Tag Archives: Kate Bosworth


Confidential Informant

by Daniel Baldwin

Scenario: You’re an ex-soldier turned cop. You are drowning in debt. You have a terminal medical condition that your benefits won’t properly cover. You’re worried that once your sickness claims you, you’ll leave your family destitute. You know that your job pays out handsomely if you are killed in the line of duty. What do you do?

This is the central hook of Confidential Informant, a crime thriller that also happens to be the first Mel Gibson geezer teaser of 2023. Dominic Purcell and Nick Stahl star as two dirty narcotics officers who magically only use corruption to the “benefit” of society and not themselves. They’ll bust down doors without warrants and conjure up whatever they need to make their reports look clean on the surface in an effort to take down the “bad guys”, but never bend the rules to help themselves out. Their boss (Mel Gibson) willingly turns a blind eye to all of it, again with no personal kickback, all for the good of mankind. Yeah, sure.

Purcell’s narco cop is dying, and he needs a way out that will best help his family. He and Stahl concoct a plan with a close friend/confidential informant (Erik Valdez) of theirs to do just that. Things go haywire, and they end up with an internal affairs investigator (Russell Richardson) on their tail. Can the lie be maintained, or will he discover the truth?

We’ve seen more than a few action thrillers tackle benefits issues for soldiers over the past half dozen years. Films like Den of ThievesTriple FrontierWrath of Man, etc. all showcase how poorly we take care of our troops, leading them – at least in these tales – to lives of crime just to pay the bills. To now do the same for corrupt cops is ballsy, especially in today’s political climate. That’s not to say that it cannot be done, as Joe Carnahan’s brilliant Narc accomplished it two decades ago. This is no Narc.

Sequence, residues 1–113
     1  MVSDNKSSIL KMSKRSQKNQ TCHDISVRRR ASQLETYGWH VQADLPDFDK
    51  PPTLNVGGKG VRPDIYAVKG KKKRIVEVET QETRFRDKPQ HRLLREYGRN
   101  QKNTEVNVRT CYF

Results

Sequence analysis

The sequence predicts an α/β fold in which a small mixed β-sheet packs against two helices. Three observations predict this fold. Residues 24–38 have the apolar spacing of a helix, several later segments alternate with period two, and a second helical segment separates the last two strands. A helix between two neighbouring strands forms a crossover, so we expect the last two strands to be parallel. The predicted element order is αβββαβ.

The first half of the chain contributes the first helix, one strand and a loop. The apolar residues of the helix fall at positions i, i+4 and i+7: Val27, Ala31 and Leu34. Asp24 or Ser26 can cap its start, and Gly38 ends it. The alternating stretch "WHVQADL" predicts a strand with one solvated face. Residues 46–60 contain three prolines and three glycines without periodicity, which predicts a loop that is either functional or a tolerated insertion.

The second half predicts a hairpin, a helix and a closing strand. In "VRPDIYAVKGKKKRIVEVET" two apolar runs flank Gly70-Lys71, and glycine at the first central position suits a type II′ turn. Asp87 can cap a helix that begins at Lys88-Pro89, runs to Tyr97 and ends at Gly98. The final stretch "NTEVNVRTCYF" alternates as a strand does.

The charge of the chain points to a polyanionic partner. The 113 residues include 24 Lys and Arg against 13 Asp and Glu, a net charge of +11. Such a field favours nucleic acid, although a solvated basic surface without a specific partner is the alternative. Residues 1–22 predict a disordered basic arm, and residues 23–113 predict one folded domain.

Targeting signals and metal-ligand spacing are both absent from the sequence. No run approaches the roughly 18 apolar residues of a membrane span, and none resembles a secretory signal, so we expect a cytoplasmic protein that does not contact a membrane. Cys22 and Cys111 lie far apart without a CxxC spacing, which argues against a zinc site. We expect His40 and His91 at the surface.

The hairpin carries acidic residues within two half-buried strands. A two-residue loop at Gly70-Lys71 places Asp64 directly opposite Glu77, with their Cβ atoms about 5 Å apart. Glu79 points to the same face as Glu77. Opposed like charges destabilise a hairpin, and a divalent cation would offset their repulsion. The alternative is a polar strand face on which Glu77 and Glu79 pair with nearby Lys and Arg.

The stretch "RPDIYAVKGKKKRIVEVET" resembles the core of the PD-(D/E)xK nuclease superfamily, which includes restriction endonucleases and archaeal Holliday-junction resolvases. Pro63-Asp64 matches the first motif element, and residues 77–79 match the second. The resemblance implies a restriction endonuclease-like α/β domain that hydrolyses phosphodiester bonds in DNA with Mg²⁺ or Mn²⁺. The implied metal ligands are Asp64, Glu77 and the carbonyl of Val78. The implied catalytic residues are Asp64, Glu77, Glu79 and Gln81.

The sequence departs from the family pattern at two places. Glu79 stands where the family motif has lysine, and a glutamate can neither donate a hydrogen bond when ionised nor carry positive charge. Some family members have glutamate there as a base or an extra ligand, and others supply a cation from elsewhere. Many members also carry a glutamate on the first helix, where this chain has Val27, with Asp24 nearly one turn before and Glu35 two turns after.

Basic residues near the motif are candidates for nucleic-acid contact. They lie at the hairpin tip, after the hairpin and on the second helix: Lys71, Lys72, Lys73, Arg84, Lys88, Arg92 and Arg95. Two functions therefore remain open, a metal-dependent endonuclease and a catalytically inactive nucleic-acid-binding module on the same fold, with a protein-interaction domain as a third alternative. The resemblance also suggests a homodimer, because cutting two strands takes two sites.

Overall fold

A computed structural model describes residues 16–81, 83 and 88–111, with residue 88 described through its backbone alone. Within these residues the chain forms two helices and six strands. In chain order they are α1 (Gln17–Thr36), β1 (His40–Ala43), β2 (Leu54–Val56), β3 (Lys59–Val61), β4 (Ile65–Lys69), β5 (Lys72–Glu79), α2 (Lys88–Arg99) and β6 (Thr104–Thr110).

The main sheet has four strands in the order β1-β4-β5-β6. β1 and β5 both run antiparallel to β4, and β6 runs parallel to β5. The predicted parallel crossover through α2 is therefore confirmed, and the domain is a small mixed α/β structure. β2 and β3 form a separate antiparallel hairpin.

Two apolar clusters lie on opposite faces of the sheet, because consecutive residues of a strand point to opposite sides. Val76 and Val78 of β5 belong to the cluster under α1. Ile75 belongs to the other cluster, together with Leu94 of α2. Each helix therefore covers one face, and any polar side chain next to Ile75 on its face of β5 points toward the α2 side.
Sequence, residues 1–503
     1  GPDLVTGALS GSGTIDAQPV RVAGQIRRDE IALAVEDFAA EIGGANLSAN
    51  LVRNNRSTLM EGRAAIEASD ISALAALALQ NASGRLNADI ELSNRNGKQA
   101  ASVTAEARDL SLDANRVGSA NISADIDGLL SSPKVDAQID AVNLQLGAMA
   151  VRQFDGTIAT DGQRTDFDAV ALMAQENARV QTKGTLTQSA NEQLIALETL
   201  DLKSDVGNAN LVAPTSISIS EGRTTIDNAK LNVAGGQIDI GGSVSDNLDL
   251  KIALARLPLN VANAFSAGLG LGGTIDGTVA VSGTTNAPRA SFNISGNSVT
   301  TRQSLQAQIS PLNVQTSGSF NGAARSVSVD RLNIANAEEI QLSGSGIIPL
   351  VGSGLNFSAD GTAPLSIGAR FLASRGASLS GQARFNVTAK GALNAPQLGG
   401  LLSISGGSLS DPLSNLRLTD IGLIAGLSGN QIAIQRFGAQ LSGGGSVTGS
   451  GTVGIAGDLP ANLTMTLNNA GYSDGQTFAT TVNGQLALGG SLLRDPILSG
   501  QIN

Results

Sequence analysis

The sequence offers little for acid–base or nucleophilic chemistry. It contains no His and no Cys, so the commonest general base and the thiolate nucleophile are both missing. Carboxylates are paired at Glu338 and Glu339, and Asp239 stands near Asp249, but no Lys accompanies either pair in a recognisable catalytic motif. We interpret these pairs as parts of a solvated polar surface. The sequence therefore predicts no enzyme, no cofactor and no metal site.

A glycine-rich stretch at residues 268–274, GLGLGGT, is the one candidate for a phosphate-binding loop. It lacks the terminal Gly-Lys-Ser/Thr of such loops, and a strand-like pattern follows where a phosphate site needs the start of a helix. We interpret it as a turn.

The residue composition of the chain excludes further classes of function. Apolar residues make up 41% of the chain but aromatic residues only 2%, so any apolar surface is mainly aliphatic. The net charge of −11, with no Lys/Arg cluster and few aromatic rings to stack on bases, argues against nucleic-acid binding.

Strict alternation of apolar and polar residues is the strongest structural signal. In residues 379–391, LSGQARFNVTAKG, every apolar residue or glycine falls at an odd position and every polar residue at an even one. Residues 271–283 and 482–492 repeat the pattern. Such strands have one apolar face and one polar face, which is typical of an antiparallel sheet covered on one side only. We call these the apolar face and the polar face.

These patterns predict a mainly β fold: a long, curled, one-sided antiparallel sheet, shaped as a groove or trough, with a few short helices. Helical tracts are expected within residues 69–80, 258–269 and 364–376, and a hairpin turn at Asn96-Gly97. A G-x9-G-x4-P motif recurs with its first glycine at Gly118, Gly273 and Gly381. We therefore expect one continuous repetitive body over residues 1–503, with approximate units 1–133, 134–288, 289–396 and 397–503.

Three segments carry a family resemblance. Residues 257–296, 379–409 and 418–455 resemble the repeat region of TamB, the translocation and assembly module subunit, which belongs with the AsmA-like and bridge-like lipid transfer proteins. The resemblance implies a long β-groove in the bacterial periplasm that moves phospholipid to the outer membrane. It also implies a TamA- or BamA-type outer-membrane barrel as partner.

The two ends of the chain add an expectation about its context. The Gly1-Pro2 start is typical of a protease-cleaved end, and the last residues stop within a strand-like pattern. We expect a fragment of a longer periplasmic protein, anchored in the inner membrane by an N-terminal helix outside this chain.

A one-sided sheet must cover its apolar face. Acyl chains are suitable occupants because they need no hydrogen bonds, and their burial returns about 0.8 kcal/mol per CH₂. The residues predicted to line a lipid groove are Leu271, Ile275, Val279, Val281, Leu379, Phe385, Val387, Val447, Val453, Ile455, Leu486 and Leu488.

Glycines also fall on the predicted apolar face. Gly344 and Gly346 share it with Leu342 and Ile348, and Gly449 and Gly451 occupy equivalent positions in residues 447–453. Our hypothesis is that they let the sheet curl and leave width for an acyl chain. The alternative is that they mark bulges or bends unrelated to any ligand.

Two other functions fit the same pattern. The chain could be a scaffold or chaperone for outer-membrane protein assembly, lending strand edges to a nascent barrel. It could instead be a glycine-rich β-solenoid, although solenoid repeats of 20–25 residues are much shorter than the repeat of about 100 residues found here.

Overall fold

Confidential Informant wastes a good cast (particularly Kate Bosworth in a beyond thankless wife role) on a mess of a script that tries its hardest to be both a neo-noir and a message film but fails at both. The writing simply isn’t up to the task of juggling these two ideas, so the whole thing buckles under the weight of its own ambitions. Stahl does what he can as the lead and Gibson tries his best in what is actually a small supporting role, but it’s not enough to compensate for a weak script and stiff dialogue. This snooze is for die-hards – sorry, lethal weapons – only.

In the Company of Women

House of Darkness

by Hope Madden

Who hurt Neil LaBute?

Would it surprise you to find that the latest from the writer/director behind In the Company of Men and Your Friends and Neighbors (as well as the less impressive Wicker Man reboot and others) is a meditation on sexual dynamics, power and agency? That it’s brimming with psychosexual wordplay? That it’s bitter and a bit misguided?

How many times can we disassemble the mating ritual to judge and shame those involved?  

Sometimes LaBute does it well—so well that it’s tough not to look forward to whatever he releases. House of Darkness sees the filmmaker again exploring his favorite topic, this time within a horror context.

Justin Long riffs on his nice guy persona, his character Hap actually referring to himself at one point as “one of the good ones.” (Had Hap seen Promising Young Women, he might have had sense enough not to make such a claim.)